FCA chief executive Andrew Bailey has said banks are feeling pressure from lobbying efforts to relocate business from the UK to the EU as Brexit approaches.
Rival trading centres are looking to maximise business wins from Brexit, Bailey told MPs on the Treasury select committee yesterday.
The Times quotes Bailey as saying: “We are aware there is some pressure on firms. There are discussions about what you might call ensuring there is a critical mass of business moved over to a European Union entity that is being created.”
The FCA’s position, as it set out in a recent letter to London-based financial services firms, is that business should only be making the “minimum necessary changes” to where clients’ business is booked.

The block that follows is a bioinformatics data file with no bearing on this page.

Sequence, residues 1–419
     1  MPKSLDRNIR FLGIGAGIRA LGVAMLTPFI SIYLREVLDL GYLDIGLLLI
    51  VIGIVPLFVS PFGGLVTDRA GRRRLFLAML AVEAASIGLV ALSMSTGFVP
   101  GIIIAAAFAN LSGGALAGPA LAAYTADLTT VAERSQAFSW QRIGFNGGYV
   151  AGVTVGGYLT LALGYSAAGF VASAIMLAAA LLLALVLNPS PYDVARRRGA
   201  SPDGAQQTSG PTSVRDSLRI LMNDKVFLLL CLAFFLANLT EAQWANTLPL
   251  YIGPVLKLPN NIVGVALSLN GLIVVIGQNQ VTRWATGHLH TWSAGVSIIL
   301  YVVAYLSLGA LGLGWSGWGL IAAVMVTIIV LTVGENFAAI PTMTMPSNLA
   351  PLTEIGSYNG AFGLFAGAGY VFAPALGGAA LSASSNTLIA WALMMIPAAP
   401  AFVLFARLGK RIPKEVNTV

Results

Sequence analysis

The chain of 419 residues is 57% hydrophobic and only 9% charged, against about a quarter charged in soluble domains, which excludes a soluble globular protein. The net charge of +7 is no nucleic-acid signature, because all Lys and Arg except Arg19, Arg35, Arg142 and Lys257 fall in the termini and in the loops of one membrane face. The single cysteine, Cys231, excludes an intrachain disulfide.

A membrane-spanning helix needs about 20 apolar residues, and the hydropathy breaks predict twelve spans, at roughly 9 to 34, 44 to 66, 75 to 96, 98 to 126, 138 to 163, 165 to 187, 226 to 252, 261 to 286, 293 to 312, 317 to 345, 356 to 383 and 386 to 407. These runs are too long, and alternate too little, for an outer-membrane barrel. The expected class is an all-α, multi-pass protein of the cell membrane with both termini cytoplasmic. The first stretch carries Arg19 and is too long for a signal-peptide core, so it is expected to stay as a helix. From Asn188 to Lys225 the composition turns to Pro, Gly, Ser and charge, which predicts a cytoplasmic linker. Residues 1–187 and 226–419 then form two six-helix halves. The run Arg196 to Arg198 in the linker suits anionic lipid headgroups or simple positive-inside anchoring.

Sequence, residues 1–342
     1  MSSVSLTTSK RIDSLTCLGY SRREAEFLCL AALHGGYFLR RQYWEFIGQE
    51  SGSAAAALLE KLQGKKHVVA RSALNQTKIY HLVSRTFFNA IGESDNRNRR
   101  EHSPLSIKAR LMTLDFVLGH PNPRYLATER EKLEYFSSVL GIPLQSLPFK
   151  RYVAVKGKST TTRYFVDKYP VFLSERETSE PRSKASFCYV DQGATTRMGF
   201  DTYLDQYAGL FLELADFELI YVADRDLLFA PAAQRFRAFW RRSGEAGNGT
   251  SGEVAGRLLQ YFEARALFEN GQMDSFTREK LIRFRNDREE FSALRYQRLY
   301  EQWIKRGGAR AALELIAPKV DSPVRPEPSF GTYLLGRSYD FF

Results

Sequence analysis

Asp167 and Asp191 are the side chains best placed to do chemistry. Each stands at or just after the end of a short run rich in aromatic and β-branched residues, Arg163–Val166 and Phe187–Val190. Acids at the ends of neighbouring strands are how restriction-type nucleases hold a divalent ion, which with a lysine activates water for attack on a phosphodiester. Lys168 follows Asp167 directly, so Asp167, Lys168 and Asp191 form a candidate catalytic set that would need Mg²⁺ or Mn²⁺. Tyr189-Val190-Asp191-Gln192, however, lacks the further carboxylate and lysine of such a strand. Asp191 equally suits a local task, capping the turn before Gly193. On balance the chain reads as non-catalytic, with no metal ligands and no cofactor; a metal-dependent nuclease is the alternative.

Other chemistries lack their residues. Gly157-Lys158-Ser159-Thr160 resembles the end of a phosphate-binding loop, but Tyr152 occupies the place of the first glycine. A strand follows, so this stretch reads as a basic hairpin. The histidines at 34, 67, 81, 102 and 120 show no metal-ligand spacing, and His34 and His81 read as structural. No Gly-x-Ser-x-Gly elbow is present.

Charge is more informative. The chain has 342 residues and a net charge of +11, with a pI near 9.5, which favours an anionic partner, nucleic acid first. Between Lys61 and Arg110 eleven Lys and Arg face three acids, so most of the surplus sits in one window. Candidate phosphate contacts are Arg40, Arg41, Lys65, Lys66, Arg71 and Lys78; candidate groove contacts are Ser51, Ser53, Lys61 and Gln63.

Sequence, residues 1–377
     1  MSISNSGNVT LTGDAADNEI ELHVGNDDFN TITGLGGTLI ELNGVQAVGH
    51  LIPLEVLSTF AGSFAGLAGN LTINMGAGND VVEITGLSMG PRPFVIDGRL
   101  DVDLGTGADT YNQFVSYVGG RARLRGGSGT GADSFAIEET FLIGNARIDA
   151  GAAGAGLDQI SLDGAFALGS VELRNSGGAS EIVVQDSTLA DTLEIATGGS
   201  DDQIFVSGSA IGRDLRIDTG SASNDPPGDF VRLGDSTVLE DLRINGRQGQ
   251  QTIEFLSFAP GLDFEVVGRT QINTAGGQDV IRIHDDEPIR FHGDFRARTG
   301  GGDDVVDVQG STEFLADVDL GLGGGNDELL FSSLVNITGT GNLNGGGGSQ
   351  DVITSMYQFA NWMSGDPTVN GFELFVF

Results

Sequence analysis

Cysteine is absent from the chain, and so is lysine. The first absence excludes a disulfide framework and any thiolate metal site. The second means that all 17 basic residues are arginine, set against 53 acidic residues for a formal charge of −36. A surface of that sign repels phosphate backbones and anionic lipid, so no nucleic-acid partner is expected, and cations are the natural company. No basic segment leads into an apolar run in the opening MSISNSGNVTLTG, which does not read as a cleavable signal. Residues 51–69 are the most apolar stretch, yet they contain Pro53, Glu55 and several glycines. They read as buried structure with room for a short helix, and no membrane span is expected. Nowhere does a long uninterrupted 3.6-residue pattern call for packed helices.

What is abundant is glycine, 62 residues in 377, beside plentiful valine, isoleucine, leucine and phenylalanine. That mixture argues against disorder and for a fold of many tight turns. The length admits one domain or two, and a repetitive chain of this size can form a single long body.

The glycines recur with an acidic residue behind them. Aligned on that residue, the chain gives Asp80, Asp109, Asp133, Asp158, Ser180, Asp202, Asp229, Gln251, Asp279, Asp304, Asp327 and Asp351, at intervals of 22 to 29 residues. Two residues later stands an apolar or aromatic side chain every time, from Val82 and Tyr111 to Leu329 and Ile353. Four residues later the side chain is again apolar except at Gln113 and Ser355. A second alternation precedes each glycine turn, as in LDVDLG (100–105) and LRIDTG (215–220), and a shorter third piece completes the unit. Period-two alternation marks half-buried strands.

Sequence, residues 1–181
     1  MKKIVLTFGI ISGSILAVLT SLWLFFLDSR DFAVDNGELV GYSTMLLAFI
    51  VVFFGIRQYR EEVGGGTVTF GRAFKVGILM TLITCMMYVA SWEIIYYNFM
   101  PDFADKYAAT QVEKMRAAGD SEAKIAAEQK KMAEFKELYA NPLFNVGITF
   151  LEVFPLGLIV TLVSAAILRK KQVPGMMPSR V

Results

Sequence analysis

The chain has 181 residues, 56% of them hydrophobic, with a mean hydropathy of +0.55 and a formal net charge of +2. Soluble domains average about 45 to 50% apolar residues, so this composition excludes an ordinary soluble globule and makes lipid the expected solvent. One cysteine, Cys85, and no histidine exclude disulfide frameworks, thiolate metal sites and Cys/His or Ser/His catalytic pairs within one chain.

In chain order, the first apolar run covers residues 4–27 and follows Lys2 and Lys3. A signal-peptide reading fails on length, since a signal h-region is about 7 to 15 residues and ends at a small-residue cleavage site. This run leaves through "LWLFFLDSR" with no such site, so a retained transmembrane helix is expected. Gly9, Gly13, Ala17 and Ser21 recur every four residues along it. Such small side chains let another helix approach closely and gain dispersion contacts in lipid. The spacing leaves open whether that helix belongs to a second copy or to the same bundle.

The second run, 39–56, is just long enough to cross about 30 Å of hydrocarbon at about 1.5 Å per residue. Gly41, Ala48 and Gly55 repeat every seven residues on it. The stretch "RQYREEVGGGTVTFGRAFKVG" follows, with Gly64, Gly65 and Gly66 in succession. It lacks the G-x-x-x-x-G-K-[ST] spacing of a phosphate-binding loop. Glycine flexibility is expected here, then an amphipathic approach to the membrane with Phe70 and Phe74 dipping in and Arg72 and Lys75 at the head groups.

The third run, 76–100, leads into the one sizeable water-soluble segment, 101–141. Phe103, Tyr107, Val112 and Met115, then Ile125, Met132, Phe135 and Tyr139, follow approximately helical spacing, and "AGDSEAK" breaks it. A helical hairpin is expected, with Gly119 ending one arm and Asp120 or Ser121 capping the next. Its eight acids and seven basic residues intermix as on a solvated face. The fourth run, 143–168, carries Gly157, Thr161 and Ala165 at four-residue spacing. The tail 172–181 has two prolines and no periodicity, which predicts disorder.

Bailey said yesterday: “I know [financial services firms] will be under pressure to do a sort of big jigsaw puzzle and move these people here because it will make that [EU] entity more self-sufficient. But you’ve got to do it in the interests of those clients. That’s the point. We didn’t do this to say ‘nobody must leave the UK’.”
Paris has been a particularly contested market since the Brexit referendum vote, with major banks like JP Morgan preparing to move hundreds of jobs there, while others like Goldman Sachs have looked to Frankfurt for a new EU hub.